In the rarefied atmosphere of the F-segment, few vehicles reach the heights of Infiniti’s latest addition – at over five metres long and nearly two metres high the QX80 behemoth comfortably trounces the Mercedes-Benz GL, the Range Rover and even the leviathan Lexus LX. It is, to misquote Alfred Kinsey, the be-all-and-end-all of Size Matters. Happily, its performance equals its presence, a 5.6-litre naturally aspirated V8 more than a match for the nearly three tonnes it must heft around.
Inside there is everything befitting a club lounge, swathes of (real) leather, plenty of wood panelling, and more room than a Swedish barn before harvesting. There are three rows of seats, with limousine legroom in the second row and even hatchback room in the third row. Both rows fold (the third electronically), to produce a nearly flat floor so deep it’s good for a game of touch rugby on long trips.
Up front at the helm – the QX80 is too big to be merely driven – a part-leather, part-wooden steering wheel (big) predominates with two enormous dials for speed and revs directly ahead and a (big) infotainment screen in the centre console that is one of the few hints of the Infiniti’s less grandiose Nissan heritage. Pathfinder owners will recognise its functionality, and indeed it is one of the most user-friendly touchscreen interfaces around, kind to large fingers and slow synapsers.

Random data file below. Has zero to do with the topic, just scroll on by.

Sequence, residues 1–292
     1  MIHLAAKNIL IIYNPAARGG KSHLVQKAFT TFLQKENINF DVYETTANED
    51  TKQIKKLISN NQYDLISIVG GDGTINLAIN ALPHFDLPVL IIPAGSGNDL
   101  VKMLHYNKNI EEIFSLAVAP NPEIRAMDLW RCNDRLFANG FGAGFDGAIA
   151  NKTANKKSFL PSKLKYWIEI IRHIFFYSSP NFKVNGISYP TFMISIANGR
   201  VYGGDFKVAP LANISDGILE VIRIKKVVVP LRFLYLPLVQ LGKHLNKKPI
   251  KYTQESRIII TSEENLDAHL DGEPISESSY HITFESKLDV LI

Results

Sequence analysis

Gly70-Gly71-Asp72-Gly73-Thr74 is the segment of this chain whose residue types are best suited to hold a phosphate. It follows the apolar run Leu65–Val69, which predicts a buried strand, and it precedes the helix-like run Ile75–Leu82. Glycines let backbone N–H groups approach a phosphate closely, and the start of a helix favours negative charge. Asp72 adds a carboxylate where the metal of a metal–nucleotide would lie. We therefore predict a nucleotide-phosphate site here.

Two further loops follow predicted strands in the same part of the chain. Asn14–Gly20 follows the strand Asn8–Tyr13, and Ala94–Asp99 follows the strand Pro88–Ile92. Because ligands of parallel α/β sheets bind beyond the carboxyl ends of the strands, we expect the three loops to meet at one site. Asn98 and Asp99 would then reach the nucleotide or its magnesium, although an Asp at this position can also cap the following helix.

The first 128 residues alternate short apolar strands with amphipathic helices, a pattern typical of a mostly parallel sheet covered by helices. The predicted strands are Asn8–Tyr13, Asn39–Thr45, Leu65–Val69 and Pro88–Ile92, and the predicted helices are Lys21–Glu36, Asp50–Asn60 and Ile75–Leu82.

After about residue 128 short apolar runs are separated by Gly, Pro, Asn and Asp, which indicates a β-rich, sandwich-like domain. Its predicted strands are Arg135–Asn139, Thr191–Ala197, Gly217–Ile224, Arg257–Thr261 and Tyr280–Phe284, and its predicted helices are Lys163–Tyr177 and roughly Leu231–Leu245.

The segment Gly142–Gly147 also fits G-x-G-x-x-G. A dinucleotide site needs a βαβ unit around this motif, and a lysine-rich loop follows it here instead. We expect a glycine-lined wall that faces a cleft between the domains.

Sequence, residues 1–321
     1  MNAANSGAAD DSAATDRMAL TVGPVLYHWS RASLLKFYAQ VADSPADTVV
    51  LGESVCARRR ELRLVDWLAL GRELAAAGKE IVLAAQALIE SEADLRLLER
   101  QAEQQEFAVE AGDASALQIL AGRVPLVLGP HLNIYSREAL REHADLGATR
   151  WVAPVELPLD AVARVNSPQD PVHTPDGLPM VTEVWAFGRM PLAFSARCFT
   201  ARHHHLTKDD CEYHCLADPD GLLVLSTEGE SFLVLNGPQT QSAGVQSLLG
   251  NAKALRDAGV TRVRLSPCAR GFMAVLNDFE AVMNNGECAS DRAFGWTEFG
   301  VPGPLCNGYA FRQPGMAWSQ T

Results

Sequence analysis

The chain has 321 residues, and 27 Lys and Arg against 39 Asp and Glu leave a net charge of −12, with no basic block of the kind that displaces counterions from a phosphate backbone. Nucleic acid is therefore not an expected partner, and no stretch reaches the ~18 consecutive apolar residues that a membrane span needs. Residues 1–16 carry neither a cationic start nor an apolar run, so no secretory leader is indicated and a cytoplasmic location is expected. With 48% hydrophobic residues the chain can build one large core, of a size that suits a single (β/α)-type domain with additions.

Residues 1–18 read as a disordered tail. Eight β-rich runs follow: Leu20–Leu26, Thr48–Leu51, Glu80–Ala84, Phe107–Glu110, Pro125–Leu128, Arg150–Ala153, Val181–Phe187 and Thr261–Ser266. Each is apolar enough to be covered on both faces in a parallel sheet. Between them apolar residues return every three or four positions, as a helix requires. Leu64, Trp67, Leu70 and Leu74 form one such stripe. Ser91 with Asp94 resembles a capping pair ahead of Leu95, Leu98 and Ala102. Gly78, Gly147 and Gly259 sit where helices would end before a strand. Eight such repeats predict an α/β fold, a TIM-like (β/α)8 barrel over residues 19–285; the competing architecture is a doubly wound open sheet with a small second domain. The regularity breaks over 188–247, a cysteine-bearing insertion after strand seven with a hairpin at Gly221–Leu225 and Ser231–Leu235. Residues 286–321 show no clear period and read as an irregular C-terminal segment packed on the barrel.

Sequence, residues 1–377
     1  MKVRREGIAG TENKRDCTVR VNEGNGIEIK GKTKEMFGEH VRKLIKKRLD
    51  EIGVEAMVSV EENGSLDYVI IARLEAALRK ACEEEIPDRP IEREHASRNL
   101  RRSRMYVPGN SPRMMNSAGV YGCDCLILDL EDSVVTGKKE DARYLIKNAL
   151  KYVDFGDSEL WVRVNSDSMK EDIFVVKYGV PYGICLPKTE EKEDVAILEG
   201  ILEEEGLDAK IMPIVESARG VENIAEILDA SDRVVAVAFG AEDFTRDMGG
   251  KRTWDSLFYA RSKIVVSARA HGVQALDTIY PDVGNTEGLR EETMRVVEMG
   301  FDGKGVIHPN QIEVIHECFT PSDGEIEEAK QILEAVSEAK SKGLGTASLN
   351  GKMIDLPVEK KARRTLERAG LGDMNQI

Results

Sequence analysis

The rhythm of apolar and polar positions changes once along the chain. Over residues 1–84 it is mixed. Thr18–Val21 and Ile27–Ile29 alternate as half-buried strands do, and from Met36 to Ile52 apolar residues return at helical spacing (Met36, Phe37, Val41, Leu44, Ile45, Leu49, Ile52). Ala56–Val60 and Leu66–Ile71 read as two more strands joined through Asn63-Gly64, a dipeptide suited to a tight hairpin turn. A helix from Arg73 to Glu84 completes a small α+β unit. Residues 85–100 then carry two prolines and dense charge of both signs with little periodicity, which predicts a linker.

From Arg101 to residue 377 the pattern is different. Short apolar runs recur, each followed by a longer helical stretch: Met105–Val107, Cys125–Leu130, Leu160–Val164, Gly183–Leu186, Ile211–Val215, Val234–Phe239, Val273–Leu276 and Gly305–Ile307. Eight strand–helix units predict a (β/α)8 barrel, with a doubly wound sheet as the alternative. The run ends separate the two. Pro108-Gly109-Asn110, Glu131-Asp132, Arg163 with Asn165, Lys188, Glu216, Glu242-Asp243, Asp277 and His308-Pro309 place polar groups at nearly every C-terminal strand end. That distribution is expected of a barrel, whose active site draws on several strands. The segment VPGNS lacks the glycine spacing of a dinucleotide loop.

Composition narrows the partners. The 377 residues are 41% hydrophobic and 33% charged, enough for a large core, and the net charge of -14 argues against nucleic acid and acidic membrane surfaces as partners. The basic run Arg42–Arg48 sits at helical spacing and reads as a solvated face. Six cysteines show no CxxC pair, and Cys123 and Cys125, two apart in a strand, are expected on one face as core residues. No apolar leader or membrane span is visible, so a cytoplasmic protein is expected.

Start the locomotive and the far-off howl of the V8 is both old-school and satisfying. On the road there are a few surprises, most notably the very light steering and the well-controlled pitch and sway, even at speed or through tighter cornering. The latter should not be a surprise; a complex, automatic, hydraulic, body motion control system regulates both aspects, producing the imperious, buoyant ride that has won the QX80 friends and acolytes in very cold and very hot places across the world. To say there is no shortage of torque would be an understatement on par with Montgomery’s suggestion that his 1942 Dieppe Raid had been a ‘bit of a mess’. Its nearly-four tonne towing capacity bears testimony to its ferocious grunt.
If the QX is decidedly Victorian in its approach to locomotion and luxuries, it is bang up-to-date in terms of driver aids. The list is long, from parking assistance to differential locks and various driving modes, including sand and snow. Suffice to say there are few situations it will find itself in that it will not negotiate safely, including dunes and off-road rock hopping. In fact, the biggest challenge QX owners are likely to face is negotiating parking garages – Infiniti swears blind it will fit into a regulation multi-story, but we suggest careful reconnaissance first.
Price R1 238 000
Engine 5552cc V8 petrol, 298kW@5800rpm, 560Nm@4000rpm
Transmission seven-speed automatic, four-wheel drive
Suspension Independent double wishbone front and rear
Performance 7.5sec 0-100kph, 210kph, 14.8l/100km, 350g/km CO2
On sale Now
By - PETER FROST